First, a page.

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The largest synagogue in Portugal and Spain has begun teaching local residents about the Noahide Laws. Noahide Law requires non-Jews to set up courts to enforce the Noahide Laws (here), but wouldn't mandatory Noahide Law supersede any nation's secular or non-Noahide constitution? Are the Jews of Portugal laying the seeds for what could eventually become a Noahide army of people who would push for the changing of laws to fit the Noahide code? Noahide Law has already been unconstitutionally passed in the United States (here), how long before these laws are enforced?
The Kadoorie Mekor Haim Synagogue – New York Jewish Travel Guide
The contribution of Portuguese Jews to world history is enormous and its history is inseparable from the Jewish presence in Portugal between the 5th and the 15th centuries. In the northern region of the country are villages, cities and small towns where important Jewish communities once thrived. It would be hard to trace back the arrival of the first Jews in Porto as it is to trace back the foundation of the city. We know for sure during the High Medieval Ages that there were already Jews in Porto, close to the cathedral and inside the primitive walls of the city. Although Porto tolerated its Jewish community and even tried to protect it for many years, the expulsion of the Jews from the country following the infamous Inquisition completely destroyed its Jewish Heritage.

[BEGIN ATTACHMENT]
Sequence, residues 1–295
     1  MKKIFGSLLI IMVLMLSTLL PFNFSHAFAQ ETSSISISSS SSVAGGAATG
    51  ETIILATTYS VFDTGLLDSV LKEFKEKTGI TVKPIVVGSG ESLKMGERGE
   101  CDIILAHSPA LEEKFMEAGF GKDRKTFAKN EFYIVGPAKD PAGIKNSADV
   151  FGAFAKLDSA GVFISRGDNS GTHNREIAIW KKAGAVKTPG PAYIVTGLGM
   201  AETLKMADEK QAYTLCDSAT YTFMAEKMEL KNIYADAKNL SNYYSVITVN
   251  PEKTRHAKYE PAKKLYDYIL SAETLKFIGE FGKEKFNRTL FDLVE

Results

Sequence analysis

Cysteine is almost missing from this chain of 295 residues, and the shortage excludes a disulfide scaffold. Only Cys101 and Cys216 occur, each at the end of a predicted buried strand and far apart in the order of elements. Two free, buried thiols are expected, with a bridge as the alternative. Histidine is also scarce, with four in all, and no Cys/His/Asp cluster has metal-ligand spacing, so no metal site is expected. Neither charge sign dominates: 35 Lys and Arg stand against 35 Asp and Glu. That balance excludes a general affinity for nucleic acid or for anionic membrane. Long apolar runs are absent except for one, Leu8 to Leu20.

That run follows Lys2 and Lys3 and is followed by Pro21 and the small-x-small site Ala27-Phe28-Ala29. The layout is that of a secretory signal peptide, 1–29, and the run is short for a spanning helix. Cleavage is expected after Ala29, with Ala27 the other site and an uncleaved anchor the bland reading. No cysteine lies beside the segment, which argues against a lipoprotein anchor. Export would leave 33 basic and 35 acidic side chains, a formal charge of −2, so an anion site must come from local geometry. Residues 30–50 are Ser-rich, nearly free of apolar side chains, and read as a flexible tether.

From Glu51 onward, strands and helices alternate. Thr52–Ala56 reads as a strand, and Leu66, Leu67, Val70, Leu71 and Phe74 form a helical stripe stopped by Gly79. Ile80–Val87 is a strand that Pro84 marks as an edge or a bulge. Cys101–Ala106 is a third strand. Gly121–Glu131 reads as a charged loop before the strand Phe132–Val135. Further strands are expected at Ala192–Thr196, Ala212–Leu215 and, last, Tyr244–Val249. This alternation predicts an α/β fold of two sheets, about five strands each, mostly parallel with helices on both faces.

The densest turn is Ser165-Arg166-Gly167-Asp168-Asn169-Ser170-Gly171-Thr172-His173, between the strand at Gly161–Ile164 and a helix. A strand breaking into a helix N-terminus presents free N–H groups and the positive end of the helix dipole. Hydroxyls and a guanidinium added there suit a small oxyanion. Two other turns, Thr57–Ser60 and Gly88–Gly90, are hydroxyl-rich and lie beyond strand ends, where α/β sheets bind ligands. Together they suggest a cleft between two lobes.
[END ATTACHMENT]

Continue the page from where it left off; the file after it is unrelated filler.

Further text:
Porto is also Portugal’s second city, home to one of the oldest Jewish communities in the country that was spared by the earthquake of 1755 that destroyed much of Lisbon but left Porto intact, including the streets of the former Jewish quarter, narrow streets and balconied houses, with street names such as “Rua Monte Judeus,” “Escadinhas do Monte dos Judeus,” and Pátio das Escadinhas do Monte dos Judeus.” The main synagogue stood on the Escadas da Vitória, a place still locally called “Escadas da Esnoga,” meaning “stairway to the synagogue.” There is a plaque that marks this site.